Hoof Health and Nutrition

Nutrition is one of the biggest factors that will affect the health of your horse’s hooves, but this will take time and patience. Changing your horse’s diet will not fix the issue in just a few days. Adding a hoof supplement, such as Farrier’s Formula® Double Strength, to your horse’s diet is one of the easiest ways to provide your horse with the nutrition it needs to grow a healthy hoof. By providing the proper nutrients, you are building the hoof from the inside out. This process can make a world of difference for your horse’s hooves by improving the hoof internally and promoting hoof wall thickness and strength. But this isn’t a short-term fix. We are not preparing for a race, we are preparing for a marathon. Adding Farrier’s Formula® to your horse’s diet is a long-term investment. For many horses it will be a life-long investment.

As we said above, you are providing for the hoof from the inside out, which means you may not visually see results right away. This is where your patience comes into place. If you are not regularly feeding Farrier’s Formula® or are stopping and switching supplements every few weeks you will not receive the same results. Be patient, give the nutrients time to build up in the horse’s system and work from within the horse. When regularly feeding Farrier’s Formula®, it could take up to eight weeks before you begin seeing new hoof growth around the coronary band. In fact, many of our customers have even reported seeing a healthier hair coat before ever seeing new hoof growth. Once Farrier’s Formula® has had time to build up and provide the important nutrients your horse needs, it will then promote better quality and faster growing hooves.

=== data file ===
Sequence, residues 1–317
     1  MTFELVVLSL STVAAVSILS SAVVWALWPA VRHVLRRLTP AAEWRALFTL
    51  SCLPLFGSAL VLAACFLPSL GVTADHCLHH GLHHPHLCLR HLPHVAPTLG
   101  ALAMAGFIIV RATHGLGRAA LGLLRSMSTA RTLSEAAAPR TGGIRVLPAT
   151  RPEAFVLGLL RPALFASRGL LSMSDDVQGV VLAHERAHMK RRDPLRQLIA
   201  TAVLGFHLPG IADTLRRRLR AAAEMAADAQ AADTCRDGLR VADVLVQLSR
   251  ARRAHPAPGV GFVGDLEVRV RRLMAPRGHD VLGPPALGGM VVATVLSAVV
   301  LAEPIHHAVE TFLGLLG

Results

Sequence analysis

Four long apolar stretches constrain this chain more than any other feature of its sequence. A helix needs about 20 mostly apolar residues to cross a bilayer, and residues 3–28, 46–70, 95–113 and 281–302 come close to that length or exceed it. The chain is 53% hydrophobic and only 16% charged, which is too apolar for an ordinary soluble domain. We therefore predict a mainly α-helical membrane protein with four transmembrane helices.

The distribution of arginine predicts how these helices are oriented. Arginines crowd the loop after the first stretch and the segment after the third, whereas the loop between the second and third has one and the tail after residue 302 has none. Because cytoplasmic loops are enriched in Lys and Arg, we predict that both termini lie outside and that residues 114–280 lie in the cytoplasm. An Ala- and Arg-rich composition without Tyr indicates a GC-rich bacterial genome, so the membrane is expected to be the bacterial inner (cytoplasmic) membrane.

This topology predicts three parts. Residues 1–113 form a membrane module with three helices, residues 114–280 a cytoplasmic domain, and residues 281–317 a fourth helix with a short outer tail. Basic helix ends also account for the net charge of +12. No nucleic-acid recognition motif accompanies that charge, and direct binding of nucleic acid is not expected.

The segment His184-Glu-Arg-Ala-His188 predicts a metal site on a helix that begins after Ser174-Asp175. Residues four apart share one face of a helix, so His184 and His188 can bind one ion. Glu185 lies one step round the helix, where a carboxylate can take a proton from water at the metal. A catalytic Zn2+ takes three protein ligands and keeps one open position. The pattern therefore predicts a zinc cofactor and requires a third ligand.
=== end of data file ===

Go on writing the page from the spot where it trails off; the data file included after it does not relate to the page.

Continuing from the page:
The Environment and Hoof Health

Nutrition is only one aspect of hoof growth and quality, and we cannot discuss nutrition without also addressing the environment. Where nutrition plays a key role on the inside health of the hoof, the environment plays a role on the outside. If you’re not protecting the hoof from the outside environment, you are not protecting the investment you’ve made internally. Even with proper nutrition and supplementation, the environment can wreak havoc on your horse’s hooves and destroy any new growth your horse has made. Regular farrier work, clean stalls and proper nutrition can help prevent many of these environmental issues from developing, but they do not always stop it.

Regularly applying Farrier’s Finish® Hoof Disinfectant and Conditioner to the outside of the hooves will protect the investment you have made with Farrier’s Formula®. Farrier’s Finish® will protect new growth from the environment by helping control microbial invasions, regulating moisture in the hoof capsule, and addressing other environmental problems. For example, Farrier’s Finish® contains yucca extract, which is beneficial to horses that remain stalled or have been exposed to neglected stalls. The yucca in Farrier’s Finish® “binds” with ammonia in the stall to reduce irritation to the hoof capsule. Farrier’s Finish® not only protects and disinfects the surface of the hoof, but it also penetrates deep within the hoof wall to combat microbes at the foundation of the invasion. By applying Farrier’s Finish® you are giving the hoof the chance to grow and flourish.